Forensic Importance of Windows File Management
Have you ever wondered how many files exist on your hard disk right now? Thousands. How does Windows operating system manage thousands of files efficiently? This blog post will give you a brief introduction to how Windows performs file management and its forensic significance.
A quick analogy
Consider an airplane. It would have a pilot, co-pilot, cabin crew and passengers. The pilot, co-pilot and cabin crew all have duties assigned to them. The passengers are free to spend their time as they please.
Consider a Windows computer with a large number of files. Most Windows systems use New Technology File System (NTFS) to handle these files. You cannot see NTFS, but it is managing all the files on your computer right now. Just like the pilot and cabin crew with assigned duties, some files on your computer are assigned ‘file management duties’. These are referred to as ‘system files’. Other files like your photographs, e-books, movies, music, etc., can simply exist on your hard disk. These are referred to as ‘user files’.
What are these ‘System Files’?
The following is a list of all the major NTFS System files:
$MFT: This is a large file that has a record (an entry) of every file that exists on the hard disk. Every time you create a file, an entry for it is created in the $MFT. Every time you delete a file, the relevant entry for that file in the $MFT is deleted. The cabin crew would have a list of all the passengers on an airplace. The $MFT has such a list of all files on the hard disk.
$MFTMirr: This file has a copy of the first four entries in the $MFT for recovery purposes.
$LogFile: This file maintains a log of recent file operations like file/directory creation, deletion, modification and renaming. It was designed to help bring back the system quickly in the event of a failure or crash.
$Volume: This file has information about the name assigned to the hard disk. By default, your hard disk is assigned single alphabets. If you rename your hard disk to ‘My Secret Vault’, you can find that name in the $Volume file.
$AttrDef: Every file has attributes like file name, data and maybe even shortcuts. $AttrDef has a list of all the possible attributes a file can have.
$BitMap: On an airplane, every passenger is assigned a seat. Some seats may be unassigned and empty. The cabin crew would have a list of assigned and unassigned seats. Likewise, $BitMap file has information about regions on the hard disk which are used for storing files and which remain unused.
$Boot: This file has critical boot code to bring up the operating system.
$BadClus: This file is similar to the $BitMap file, but has information about corrupted regions on the hard disk, that are not suitable to store any data.
$Secure: For a file, you may include security permissions to specify who can read the file and who can write to it. $Secure file has a list of all the security permissions for all the files on the hard disk.
$Upcase: This file contains mapping between uppercase and lowercase Unicode characters.
$Extend: This is a directory with some more system files having information about recent changes to the file system, user quotas, etc.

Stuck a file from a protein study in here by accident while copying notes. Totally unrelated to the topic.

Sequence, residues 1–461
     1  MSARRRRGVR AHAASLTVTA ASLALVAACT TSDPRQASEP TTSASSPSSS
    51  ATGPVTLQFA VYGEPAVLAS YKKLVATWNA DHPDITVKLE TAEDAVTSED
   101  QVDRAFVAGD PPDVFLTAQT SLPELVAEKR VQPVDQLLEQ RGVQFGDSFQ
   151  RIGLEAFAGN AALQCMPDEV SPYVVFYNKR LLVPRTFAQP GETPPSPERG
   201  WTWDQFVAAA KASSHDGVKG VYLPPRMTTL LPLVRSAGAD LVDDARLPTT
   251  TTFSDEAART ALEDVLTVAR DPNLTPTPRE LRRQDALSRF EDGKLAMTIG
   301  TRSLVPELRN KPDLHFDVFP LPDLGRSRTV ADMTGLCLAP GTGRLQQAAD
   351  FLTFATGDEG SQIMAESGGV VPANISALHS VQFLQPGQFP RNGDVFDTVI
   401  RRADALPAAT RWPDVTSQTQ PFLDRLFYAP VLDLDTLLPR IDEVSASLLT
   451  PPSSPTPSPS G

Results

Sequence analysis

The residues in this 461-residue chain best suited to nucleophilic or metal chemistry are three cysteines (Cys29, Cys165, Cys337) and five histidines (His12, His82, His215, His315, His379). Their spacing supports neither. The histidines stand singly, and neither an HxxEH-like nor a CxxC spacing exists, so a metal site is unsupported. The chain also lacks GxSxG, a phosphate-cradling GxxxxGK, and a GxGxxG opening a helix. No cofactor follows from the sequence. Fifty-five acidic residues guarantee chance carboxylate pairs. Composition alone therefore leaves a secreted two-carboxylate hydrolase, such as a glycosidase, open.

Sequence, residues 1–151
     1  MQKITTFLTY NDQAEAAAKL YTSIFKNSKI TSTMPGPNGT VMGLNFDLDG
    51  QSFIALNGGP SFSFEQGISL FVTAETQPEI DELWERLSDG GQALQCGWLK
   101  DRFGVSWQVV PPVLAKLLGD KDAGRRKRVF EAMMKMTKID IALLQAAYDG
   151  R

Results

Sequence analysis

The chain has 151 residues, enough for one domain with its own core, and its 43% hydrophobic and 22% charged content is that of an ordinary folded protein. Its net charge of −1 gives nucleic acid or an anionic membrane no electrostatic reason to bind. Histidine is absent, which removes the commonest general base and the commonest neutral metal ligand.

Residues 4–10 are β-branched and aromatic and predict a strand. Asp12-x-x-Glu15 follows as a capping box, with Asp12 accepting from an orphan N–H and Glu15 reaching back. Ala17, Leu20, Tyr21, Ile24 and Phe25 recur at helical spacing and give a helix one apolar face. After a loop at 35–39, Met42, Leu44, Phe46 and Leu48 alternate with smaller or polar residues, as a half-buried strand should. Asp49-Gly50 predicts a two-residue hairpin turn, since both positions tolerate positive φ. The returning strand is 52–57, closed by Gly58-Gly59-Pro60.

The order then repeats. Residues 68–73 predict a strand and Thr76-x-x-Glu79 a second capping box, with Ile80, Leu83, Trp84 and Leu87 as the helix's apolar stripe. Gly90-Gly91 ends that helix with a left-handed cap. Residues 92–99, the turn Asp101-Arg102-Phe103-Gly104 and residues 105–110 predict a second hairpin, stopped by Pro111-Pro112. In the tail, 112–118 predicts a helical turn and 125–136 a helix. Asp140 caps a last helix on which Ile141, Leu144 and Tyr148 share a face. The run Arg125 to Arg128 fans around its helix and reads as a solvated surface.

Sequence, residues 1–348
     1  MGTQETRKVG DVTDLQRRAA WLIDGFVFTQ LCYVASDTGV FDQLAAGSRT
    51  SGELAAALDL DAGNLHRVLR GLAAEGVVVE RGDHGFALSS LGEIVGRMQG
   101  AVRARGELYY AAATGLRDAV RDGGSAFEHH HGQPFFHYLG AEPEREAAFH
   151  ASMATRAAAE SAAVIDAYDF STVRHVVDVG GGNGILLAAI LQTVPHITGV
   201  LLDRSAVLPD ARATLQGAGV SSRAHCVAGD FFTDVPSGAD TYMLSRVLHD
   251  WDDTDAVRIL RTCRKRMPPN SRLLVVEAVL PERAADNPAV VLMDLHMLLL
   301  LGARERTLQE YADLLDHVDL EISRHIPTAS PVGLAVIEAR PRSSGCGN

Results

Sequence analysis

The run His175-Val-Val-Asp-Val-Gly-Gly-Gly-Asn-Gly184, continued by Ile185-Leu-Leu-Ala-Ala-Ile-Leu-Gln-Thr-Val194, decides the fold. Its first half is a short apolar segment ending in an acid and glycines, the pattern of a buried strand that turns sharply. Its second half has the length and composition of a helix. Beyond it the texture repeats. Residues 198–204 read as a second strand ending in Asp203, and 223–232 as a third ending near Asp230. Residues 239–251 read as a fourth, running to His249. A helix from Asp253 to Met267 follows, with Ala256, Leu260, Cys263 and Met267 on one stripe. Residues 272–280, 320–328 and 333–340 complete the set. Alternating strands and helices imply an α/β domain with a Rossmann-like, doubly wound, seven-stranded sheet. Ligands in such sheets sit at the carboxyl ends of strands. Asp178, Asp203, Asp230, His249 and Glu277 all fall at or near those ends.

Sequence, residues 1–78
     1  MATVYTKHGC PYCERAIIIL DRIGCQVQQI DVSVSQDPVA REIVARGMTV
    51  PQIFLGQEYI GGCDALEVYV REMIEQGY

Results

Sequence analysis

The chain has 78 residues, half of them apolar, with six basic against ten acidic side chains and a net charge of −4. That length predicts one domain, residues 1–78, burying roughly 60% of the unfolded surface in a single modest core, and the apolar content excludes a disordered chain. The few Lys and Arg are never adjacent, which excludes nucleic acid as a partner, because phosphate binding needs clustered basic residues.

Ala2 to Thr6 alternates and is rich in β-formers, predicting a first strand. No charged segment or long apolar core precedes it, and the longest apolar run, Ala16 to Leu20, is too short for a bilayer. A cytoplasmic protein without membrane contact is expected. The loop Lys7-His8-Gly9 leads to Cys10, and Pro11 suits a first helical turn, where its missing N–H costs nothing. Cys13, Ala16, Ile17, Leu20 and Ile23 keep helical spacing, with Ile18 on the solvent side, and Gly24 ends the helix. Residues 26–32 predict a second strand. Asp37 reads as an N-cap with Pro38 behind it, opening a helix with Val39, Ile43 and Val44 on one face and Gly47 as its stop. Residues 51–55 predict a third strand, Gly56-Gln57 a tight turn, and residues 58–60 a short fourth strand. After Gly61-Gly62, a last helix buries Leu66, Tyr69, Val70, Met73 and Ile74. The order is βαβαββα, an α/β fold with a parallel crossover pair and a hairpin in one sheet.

Why should I know about ‘System Files’ for Digital Forensics?
System files sometimes hold critical evidence for an investigation.
$MFT in action: Let’s assume you are performing memory forensics on a dump taken from a Windows computer. You are investigating a ransomware attack. You are trying to find out how malware got into the system. If you need an introduction to memory forensics, read this post.
We know that $MFT has a list of all files on disk. Every time you create a file, an entry for it is created in the $MFT along with the timestamp. In memory, you can find a copy of recently created $MFT entries, relevant to recently created files. There are forensic tools that help you carve and interpret $MFT entries in memory. You may even find the exact timestamp when malware got into the system!
$Boot in action: Some malware attack the code used to boot the operating system. Contents of the $Boot file may be modified by malware. Accessing and viewing the contents of $Boot file may give you clues about malware behaviour.
$LogFile in action: $LogFile has records of recent file operations on the system. Although it was designed for system recovery, it is also useful in forensic investigations to identify files that were created, deleted, renamed or modified recently. There are tools that can parse the $LogFile.
$Extend/$UsnJrnl in action: Within $Extend directory, there is a file called $UsnJrnl which has some more information about changes to files. It is like a file change journal. Apart from recording creation, deletion, renaming of files and directories, $UsnJrnl also records if a file or directory was compressed, encrypted, or even had a shortcut created. Parsing the $UsnJrnl file also gives clues about recent activity on a system.
Where do these ‘System Files’ exist?
These system files exist in the C: drive. But they are hidden from the regular user. They can be seen using forensic tools capable of browsing the entire file system.
Do you want to see them? Here’s is a small project idea for you.
- Identify a forensic tool that lets you view the entire contents of your hard drive
- View the contents of the C: drive using the forensic tool
- Can you spot $MFT or $LogFile?
Even if a USB drive is formatted with NTFS, it would still have all these system files.
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